And now we're seeing that more churches, United Methodist Church in particular giving back like 10 acres of land to the Wyandot nation under some agreement. And that's maybe on this kind of macro level. On this middle tier, what we call meso, churches canceling debt. And then as we mentioned in the book, Jubilee is also celebration. The church gets together with the folks and they burn the debt and then they just celebrate. Because just imagine what it feels to be free now and to be able to use that money as discretionary money in a different area? And I think when we talk about liberation, like Dr. James Cone said, we're also talking about salvation. This is like literal salvation. You are saving me from the economic misery that I was facing. My back, as Dr. Howard Thurman says, was on the wall, but your gospel had something to say about that.

And I think that in this, what we're finding is that hope is like, yeah, if liberation was just about the soul, and I had said this last Sunday, God would've left the people of Israel in Egypt. Your souls are saved, and continue to make bricks without straw. But he saves them and God saves them in body, mind, soul, and spirit and they go and celebrate. And so there's this, so this idea of economic liberation, this idea of revisiting labor, seriously, this goes down to the nuts and bolts, the daily fabric of our workdays. How are bosses, business owners really thinking about the labor force? Is there a Sabbath? Is there a time for rest? Is there a time to let things grow fallow because we believe that God is going to take care of the work that we do?

So I think micro, macro, meso, what excites me about the book is that we give some conversation starters around how this stuff can permeate every system and every level of society. And I would just say, go buy the book, y’all. Go buy the book.


Sy: Other than obviously going and buying the book, Ecosystems of Jubilee, is there anywhere else that you want people to follow you or any other work of yours that you want people to go check out?

Adam: José and I were just talking about this beforehand. I mean, I think that we've been trying to say that the sort of individualist approach to life doesn't work economically speaking. And so we would love to find ways to read this book in community and imagine things differently. And so one of the things we're trying to do is like, hey, if there's a group that wants to read the book, we'll jump on Zoom and join you for it. And so if anybody's interested in that, you can find us on our socials, but we would love to do that work in community and not just say, “Hey, read it and you're on your own.” We would love to be able to make that available to folks if they're thinking about like, “Oh, there's a group that would benefit from this conversation.”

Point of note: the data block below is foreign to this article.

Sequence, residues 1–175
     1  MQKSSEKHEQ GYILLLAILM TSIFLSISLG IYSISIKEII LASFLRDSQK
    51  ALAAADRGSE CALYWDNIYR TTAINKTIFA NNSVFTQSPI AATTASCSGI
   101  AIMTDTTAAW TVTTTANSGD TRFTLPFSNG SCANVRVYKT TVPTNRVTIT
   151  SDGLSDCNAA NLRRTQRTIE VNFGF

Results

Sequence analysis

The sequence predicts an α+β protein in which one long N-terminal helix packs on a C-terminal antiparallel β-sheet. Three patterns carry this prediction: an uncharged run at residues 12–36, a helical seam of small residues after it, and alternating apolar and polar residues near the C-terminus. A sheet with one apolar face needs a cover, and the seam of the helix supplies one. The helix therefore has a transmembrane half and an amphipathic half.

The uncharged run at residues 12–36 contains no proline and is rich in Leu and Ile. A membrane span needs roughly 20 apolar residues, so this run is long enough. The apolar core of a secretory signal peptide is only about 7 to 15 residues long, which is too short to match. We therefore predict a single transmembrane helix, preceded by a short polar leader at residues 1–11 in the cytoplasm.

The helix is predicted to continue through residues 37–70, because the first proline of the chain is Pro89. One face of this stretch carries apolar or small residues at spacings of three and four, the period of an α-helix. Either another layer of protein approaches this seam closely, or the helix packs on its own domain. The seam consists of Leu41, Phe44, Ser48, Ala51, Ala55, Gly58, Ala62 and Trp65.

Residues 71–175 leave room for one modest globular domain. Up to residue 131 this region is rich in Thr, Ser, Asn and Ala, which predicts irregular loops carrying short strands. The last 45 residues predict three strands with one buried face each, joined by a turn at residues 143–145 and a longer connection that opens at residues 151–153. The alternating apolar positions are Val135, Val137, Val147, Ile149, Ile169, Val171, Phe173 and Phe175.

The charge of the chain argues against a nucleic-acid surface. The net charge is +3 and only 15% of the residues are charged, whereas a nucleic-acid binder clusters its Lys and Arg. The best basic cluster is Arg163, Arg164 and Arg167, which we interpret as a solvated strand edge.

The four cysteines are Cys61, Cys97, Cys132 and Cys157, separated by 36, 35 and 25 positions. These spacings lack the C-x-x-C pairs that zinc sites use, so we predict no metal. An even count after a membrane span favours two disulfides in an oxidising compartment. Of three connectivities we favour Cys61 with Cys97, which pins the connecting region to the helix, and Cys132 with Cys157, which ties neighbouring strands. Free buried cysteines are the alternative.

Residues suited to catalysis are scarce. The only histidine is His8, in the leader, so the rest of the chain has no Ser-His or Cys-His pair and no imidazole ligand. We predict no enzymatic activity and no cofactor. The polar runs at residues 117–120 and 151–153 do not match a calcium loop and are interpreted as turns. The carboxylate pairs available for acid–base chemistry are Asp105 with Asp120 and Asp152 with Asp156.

Sy: Oh, cool! So can people just get on Twitter and DM you if they want to have you come do that?

Adam: Absolutely. Yep.

Sy: Great.

Jonathan: Amen.

Sy: We really appreciate the two of you being here. Thank you. Thank you so much for coming on.

Adam: Our pleasure. It was great. Great conversation. Thanks so much.

José: Thanks for having us, man.

Sy: Yeah, of course. So before we leave, just a reminder in addition to going and checking out the book and DMing these two, check out KTFPress.com. Consider becoming a subscriber and get the bonus episodes of this show in our newsletter every week. Support everything that we do at KTF Press. Our theme song, as always is “Citizens” by John Guerra. Our podcast art is by Jacqueline Tam, and we will see everyone in two weeks.

[The song “Citizens” by Jon Guerra fades in. Lyrics: “And that you’re building a city/ Where we arrive as immigrants/ And you call us citizens/ And you welcome us as children home/ Where we arrive as immigrants/ And you call us citizens/ And you welcome us as children home.” The song fades out.]

Jonathan: Well, our guests today, are Reverend José Humphreys and Dr. Adam Gustine… I said that right, didn't I? Jesus… now I'm conscious about it. My bad. This is a blooper. We got it out of the way.


KTF Press
Shake the Dust
Seeking Jesus, confronting injustice–Shake the Dust features candid interviews and informed discussions that guide us as we resist the idols of America.